What about those little imperfections?

Besides wrinkles, you might also need to fix ad hoc dimples and little imperfections on the screen too, from things like say dust particles to perhaps flying insects, especially if you often use your screen outdoors. Give your screen a regular and thorough inspection to ensure that its’ always kept in peak condition and if your screen allows it, give it a good wipe over with a cloth and some mild detergrent to keep the surface clean.

The other thing that you can do to fix issues like this is to always be vigilant about how you store and maintain your projector screen when it’s not in use, especially if it is a portable one. Make sure that you loosely rather than tightly fold the fabric and don’t store it away with heavy objects laid on top of it as this really will encourage and exaggerate the formation of more defined creases and wrinkles.

What about if your projector screen gets ripped?

One other common issue that you might get with continued and regular use is wear and tears and even slight rips to the material which could distort and affect your viewing. If this happens, you could try using a bit of thin tape on the back of the screen to try and hold the tear back in place and keep the fabric flat. Thinner tape works better because if you use thick tape it can cause difficulties when rolling up the screen to stow it away.

Remember as well that these days you can buy powerful tape with a strong glue based adhesive in both white and black so depending upon where the rip is on the screen (to the white screen or on the black backing) you do have blendable choices.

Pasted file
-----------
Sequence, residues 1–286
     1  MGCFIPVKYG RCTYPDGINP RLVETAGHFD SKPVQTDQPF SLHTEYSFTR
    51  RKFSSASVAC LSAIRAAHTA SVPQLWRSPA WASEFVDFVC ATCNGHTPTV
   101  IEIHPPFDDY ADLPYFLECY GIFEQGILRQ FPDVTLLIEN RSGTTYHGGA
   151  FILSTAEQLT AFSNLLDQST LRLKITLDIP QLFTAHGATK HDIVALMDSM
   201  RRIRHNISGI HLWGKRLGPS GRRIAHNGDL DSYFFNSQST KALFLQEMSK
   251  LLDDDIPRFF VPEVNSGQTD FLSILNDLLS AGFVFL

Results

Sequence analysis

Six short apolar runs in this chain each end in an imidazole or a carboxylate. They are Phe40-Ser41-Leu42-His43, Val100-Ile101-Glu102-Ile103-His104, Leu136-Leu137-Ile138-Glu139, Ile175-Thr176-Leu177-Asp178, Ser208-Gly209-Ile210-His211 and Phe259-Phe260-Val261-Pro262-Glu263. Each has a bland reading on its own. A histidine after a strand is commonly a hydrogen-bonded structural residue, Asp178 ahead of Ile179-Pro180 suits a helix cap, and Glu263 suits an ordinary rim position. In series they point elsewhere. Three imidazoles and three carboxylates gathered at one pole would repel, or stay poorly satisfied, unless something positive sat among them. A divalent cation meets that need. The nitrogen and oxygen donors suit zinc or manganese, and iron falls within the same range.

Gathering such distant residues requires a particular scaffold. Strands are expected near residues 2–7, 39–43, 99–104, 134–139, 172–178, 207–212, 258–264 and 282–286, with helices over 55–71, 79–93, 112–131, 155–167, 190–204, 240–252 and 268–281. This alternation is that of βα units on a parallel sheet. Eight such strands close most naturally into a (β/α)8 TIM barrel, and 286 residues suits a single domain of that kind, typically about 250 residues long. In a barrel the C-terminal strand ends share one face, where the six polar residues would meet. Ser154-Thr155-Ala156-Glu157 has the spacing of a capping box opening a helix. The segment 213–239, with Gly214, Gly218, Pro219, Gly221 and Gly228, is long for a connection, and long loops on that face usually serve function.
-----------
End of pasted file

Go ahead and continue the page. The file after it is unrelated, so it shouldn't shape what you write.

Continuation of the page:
Keeping your projector screen clean

Dirty, stained and discolored screens can also be a distraction and impair your viewing. If this is the case and your screen has started to yellow with age, then a good way to fix that in the interim, until you are able to purchase a brand new screen, is actually to give it a coat of paint.

Before you start though, make sure that you purchased a paint that is designed for use on a projection screen surface. You are going to need a few essential bits of equipment on hand to help you do the best possible job. You’ll need a soft brush, some oil free detergent, a non-abrasive sponge, plastic primer, stirring stick, a soft paint roller and of course your projection screen paint itself. Give your screen a quick wipe over either with a cloth or a brush to remove any loose particles and dirt.

Then with your sponge and the diluted detergent solution, start to gently clean away any surface stains. Once the screen has dried, lightly paint the primer solution with the roller onto the screen and leave it to dry. You are now ready to put a nice fresh coat of paint onto your screen to return it to its former glory.

If it needs it, you can always then apply a second coat. Those should be the most common issues you run into with your screen and a few quick fixes to help you get back to experiencing viewing movies on your screen at its optimum.